The sweet life: Business is starting to "pop" for Daisy Cakes

It was Amy Mucha’s love for koalas that drew her into the baking business. Knowing that Mucha is obsessed with the animal, her mother-in-law bought her a book on how to make cake pops for Christmas in 2011—simply based on the fact the book had instructions on how to make koala cake pops.

By 2016, Mucha, a high school math teacher at Cuyahoga Christian Valley Academy in Cuyahoga Falls, had mastered the koala cake pop and tried her hand at turkey cake pops for her students and friends on Thanksgiving. Their popularity spurred Mucha to launch Daisy Cakes (named after her two-year-old daughter, Daisy) in 2018 as a part-time endeavor out of her Kent home.

“A lot of people like cake pops,” Mucha observes. “It’s a side hustle that’s really been more than a side hustle." 

Officially in business for less than a year, Mucha sold 13,000 pops in her first nine months last year and has already made 3,300 pops in 2019—averaging about 400 pops a week.

Mucha says kids and adults alike enjoy her pops, in part because of their petite portion size. Each of her pops are individually wrapped, making them the ideal snack or party favor. “Three to four pops equal one large piece of cake,” she explains.

Today, Mucha offers more than 20 varieties of pops, as well as gluten-free and allergen-free varieties, in just about every animal, character and holiday theme imaginable.

Additionally, she takes special orders and large orders for special events. “Holiday pops are the most fun," says Mucha, adding that unicorn pops are her most popular variety.

To accommodate demand, Mucha has converted her basement into a full working kitchen—enabling her to not only make up to 1,000 pops for a single event (she made 1,200 pops for an auction at her school last year), but to also keep a supply of around 500 “stock pops” in four freezers for on-the-fly orders.

“If I’m home, people can get them within an hour,” she says, adding that her pops are non-perishable and defrost quickly.

Mucha employs a few of her former students and neighbors to help her make and distribute the pops. Up until now, she has limited her business to pickup orders from both her Kent home and her mom’s house in Parma, as well as selling at the Kent Farmers Market and offering local delivery of larger orders. Currently, Mucha is looking for a Cleveland pickup location and will deliver orders of $50 or more for a fee.

In the meantime, Daisy Cakes was accepted to sell at the seventh Cleveland Flea season beginning Saturday and Sunday, May 4 and 5 at Tyler Village (3615 Superior Ave. East in AsiaTown). Mucha sold her pops at the Flea last October, displaying them in a makeshift display case crafted out of acrylic sweater drawers from the Container Store.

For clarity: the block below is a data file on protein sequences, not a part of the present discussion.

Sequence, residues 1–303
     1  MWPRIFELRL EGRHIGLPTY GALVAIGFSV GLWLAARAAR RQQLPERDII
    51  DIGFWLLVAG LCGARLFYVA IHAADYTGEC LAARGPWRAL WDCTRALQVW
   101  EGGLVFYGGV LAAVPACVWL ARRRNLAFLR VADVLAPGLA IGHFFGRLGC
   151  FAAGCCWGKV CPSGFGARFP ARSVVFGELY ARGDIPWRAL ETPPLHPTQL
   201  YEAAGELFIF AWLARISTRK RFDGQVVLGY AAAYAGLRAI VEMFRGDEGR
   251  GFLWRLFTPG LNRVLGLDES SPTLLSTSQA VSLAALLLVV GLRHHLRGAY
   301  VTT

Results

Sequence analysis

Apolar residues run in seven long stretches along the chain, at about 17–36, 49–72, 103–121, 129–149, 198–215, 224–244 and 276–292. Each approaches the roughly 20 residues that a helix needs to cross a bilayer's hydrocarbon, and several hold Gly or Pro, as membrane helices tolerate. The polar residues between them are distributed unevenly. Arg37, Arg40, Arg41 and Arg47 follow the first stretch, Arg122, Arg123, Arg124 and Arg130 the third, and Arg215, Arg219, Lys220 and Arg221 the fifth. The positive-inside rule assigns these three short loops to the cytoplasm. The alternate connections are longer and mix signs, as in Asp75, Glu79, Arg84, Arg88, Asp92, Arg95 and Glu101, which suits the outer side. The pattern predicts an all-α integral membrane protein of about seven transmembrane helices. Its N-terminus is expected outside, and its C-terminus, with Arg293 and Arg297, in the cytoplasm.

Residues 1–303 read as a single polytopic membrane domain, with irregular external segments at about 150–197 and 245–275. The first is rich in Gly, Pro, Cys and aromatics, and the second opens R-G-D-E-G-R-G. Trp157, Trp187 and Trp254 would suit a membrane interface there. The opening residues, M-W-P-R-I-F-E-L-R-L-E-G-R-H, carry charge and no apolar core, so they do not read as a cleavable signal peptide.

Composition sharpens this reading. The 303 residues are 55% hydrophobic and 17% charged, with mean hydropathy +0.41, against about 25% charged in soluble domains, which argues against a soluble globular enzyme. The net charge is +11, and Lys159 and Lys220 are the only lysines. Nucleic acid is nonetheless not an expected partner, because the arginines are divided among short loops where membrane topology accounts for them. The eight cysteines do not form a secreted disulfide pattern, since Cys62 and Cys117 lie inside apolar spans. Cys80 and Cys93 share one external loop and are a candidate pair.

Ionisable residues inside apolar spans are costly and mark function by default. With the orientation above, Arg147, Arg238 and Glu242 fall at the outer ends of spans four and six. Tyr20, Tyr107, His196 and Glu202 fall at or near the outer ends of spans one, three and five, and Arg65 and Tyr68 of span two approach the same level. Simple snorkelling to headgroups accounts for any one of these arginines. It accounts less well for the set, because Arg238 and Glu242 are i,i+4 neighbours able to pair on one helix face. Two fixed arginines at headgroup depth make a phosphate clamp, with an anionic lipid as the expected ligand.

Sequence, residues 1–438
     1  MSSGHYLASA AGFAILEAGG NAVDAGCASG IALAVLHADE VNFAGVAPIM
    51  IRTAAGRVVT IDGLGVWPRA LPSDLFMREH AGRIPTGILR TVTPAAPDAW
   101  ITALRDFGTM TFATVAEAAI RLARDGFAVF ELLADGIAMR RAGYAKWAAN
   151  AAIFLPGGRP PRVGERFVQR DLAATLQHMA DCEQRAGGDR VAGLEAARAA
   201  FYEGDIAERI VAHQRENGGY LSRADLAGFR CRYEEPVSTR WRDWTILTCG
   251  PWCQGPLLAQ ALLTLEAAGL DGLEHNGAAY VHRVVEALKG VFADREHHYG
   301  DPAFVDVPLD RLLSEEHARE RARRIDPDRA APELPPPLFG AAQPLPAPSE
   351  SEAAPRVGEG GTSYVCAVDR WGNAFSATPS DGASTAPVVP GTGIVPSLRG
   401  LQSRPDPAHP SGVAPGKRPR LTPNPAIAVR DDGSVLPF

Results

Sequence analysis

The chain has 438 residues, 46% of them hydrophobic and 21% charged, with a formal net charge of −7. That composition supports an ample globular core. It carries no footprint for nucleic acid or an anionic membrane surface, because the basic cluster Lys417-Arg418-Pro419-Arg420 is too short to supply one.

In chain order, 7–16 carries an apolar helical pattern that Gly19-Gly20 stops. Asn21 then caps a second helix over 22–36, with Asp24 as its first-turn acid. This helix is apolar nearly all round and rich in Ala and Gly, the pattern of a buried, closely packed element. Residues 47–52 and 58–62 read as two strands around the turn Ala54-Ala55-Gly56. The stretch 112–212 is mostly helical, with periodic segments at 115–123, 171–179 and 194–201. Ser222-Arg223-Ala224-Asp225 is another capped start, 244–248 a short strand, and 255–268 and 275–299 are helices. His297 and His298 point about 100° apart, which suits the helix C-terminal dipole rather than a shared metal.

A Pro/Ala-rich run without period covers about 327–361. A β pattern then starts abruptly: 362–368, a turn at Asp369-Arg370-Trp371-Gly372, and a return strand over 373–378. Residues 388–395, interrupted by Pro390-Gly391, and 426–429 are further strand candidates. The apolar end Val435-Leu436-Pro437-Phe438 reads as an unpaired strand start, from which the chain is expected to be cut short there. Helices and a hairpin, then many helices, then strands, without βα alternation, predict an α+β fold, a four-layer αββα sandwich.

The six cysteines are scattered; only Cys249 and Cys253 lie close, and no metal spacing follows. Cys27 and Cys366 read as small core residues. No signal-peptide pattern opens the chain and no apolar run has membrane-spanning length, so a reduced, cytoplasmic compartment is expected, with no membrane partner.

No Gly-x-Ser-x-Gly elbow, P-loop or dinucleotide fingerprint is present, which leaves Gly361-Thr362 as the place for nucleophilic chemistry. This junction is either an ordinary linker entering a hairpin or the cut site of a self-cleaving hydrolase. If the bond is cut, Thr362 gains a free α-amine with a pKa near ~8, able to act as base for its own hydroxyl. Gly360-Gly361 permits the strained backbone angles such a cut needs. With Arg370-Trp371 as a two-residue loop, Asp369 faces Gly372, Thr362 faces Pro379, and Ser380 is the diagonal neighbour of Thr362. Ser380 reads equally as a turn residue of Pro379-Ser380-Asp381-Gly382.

“The Cleveland Flea in October was the first market we had done,” she says. “We decided to go big or go home. So, we made 1,000 pops and had no idea how many we would sell. It was the worst weather ever, and we sold a quarter of what we brought. It helped get the word out there, though.”

Mucha has also partnered with Mocina Coffee, a start-up farm-to-cup purveyor of Guatemalan coffee, to distribute coffee and cake pops in tandem to local cafes. Mucha and Mocina co-owner Pablo Lopez met in November during a pop-up fashion show held by Yellowcake Shop and immediately hit it off.

“We gave him some cake pops, he gave us some coffee,” recalls Mucha. “In the Mocina mocha pops, their coffee is infused in our pops, which is amazing.”

Next up in Mucha’s Daisy Cakes vision: a “pop-cycle”—a vending bicycle that Mucha can use to pedal around and sell her pops at summer markets. “I love coming in contact with new people and seeing how happy cake pops make people,” she says. “It’s still surprising sometimes.”

Read more articles by Karin Connelly Rice.

Karin Connelly Rice enjoys telling people's stories, whether it's a promising startup or a life's passion. Over the past 20 years she has reported on the local business community for publications such as Inside Business and Cleveland Magazine. She was editor of the Rocky River/Lakewood edition of In the Neighborhood and was a reporter and photographer for the Amherst News-Times. At Fresh Water she enjoys telling the stories of Clevelanders who are shaping and embracing the business and research climate in Cleveland.
Signup for Email Alerts